San Joaquin Valley, California
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    I think a few photos of the leaf symptoms
    would help. Here are two links that can be
    used to possibly track down the problem.

    http://aggie-horticulture.tamu.edu/tomatoproblemsolver/index.html

    http://www.ipm.ucdavis.edu/PMG/selectnewpest.tomatoes.html

    From where I sit with no photos to work with
    I am not so sure the problem is not attributed
    to a severe nutrient deficiency. Tomatoes
    require lots of potassium. Cool weather and
    acid soil growing mediums will really slow
    down potassium uptake by the roots. Around
    here if the leaves show any blue to violet to
    purple coloring it usually meant a potassium
    deficiency, although a Nitrogen deficiency in
    cool climates can also give the leaves a violet
    colored hue.

    Were any of these VFNT Tomatoes? Tomatoes
    that are resistant to verticillium wilt, fusarium
    wilt, nematodes and tobacco mosaic virus.

    Jim
     
  7. Ralph Walton

    Ralph Walton Active Member 10 Years

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    Location:
    Denman Island,BC
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    Deficiencies are a definite possibility this year, even with fertilizers. Nitrogen in particular is easy to wash out and Lord knows we've had a lot of washing this spring and (alleged) summer. I did my usual field fertilizing this spring, but the areas subject to run off are easily visible (not as deep green and shorter).
    Ralph
     
  8. jhhspark3

    jhhspark3 Member

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    Location:
    Jackson Hts., NY
    Local Time:
    7:46 AM
    I live in Queens, NYC. I have for the last 3 years planted tomatos in "earthboxes" and other such containers. The plants have grown well and I have gotten a good crop of tomatos to begin with. However, each year the leaves curl, turn yellow and then the fuit seems the stop producing. I found on your Web page the explanation of this condition, which you say is caused by Bemisia whiteflies. I have never seen them in this area, but that doesn't mean they don't exist. Is there anything I can do to get rid of them this year? Do you want any further information from me? Thanks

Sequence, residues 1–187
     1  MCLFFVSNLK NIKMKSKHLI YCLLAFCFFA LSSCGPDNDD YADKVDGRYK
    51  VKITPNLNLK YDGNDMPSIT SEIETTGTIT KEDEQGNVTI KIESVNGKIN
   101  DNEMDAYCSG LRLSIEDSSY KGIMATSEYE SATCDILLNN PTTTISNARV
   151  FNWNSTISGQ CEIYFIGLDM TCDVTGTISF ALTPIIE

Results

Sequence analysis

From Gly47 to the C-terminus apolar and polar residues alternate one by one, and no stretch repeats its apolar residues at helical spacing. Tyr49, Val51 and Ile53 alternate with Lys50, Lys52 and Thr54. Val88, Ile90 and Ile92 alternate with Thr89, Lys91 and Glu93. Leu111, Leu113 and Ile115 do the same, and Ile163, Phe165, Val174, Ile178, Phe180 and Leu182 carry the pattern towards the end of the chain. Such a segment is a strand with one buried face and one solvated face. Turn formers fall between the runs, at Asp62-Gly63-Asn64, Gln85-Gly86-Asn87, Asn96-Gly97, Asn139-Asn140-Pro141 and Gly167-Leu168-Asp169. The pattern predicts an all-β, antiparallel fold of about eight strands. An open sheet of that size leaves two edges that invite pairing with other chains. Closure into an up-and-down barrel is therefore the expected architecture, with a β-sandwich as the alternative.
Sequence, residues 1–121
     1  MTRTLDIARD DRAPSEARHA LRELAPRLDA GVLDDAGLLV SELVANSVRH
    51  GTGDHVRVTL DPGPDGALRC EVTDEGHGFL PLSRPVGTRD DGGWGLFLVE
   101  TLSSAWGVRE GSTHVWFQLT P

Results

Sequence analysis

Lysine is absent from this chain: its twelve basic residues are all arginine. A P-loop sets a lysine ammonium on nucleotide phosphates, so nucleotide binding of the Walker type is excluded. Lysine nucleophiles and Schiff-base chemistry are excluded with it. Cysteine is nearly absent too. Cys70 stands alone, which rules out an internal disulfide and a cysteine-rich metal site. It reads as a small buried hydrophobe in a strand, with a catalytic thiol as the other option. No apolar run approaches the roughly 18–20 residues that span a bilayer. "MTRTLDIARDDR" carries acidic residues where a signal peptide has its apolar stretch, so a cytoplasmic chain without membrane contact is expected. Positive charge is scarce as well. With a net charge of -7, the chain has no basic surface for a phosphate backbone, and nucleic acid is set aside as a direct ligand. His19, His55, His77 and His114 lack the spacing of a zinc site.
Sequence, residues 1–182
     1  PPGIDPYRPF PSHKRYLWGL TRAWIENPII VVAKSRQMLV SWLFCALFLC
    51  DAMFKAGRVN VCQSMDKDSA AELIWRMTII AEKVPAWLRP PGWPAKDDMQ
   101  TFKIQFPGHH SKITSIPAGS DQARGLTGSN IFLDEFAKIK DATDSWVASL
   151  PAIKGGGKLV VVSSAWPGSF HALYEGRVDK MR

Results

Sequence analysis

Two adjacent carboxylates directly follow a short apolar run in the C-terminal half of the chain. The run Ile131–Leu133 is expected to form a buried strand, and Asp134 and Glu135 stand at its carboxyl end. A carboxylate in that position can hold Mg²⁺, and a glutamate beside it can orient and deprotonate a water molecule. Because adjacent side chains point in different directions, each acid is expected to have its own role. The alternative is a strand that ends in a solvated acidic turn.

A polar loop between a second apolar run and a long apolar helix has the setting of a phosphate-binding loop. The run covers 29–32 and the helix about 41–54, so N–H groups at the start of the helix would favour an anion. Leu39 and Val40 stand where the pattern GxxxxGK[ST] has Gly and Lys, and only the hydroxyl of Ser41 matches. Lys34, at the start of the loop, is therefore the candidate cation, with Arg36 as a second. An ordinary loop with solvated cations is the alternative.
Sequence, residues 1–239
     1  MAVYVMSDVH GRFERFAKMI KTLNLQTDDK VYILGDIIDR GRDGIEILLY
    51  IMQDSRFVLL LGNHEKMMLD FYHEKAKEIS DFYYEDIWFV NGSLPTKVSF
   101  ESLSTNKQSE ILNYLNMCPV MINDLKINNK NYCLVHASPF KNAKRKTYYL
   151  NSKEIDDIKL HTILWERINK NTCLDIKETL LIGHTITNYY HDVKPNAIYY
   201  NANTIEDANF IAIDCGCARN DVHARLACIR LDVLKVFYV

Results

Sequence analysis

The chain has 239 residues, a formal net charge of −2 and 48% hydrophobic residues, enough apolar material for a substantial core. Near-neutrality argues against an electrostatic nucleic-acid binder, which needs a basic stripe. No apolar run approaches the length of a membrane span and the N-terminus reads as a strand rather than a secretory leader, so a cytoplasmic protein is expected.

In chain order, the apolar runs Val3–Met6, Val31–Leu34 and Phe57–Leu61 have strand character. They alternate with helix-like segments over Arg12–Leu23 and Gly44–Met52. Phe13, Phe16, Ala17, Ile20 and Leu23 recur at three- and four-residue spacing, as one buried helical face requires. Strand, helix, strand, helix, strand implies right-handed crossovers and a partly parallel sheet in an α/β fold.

9. Acoma

    Acoma Active Member

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    Location:
    Reno, Nevada Zone 6A
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    My 2 cents. I had a long cool spring with a now hot summer. With this being my experimental large scale year, I tried pots for the tomato plants. I noticed yellowing and curling of the plants with no real growth when there should have been. I decided to take them from the pots to the raised bed. I found that the plants had poor drainage in the pots. I removed much of the lowere leaves, and planted 70% of the plants in the raised bed. It appears that the culprit was the drowning of the roots, even with every other week of fertilizing. I now switched to 1-week fertilizing, with daily moisturizing of the soil in the raised bed. Results after 2 weeks. Major turnaround. Beautiful green leaves, and new growth.

    Reason for the story. Maybe you think you are just watering, but is drainage correct? Are you fertilizing 1-week? They are as needy as corn for nutrients. Take one of the plants out carefully to see how the roots are doing. Maybe dig down a foot next to the plant to see if soil is consistantly moist, or if it is moist then soaked. This makes such a huge difference as well to strength of plant and root system.. Then, make sure you are feeding them 1-week with nutrients.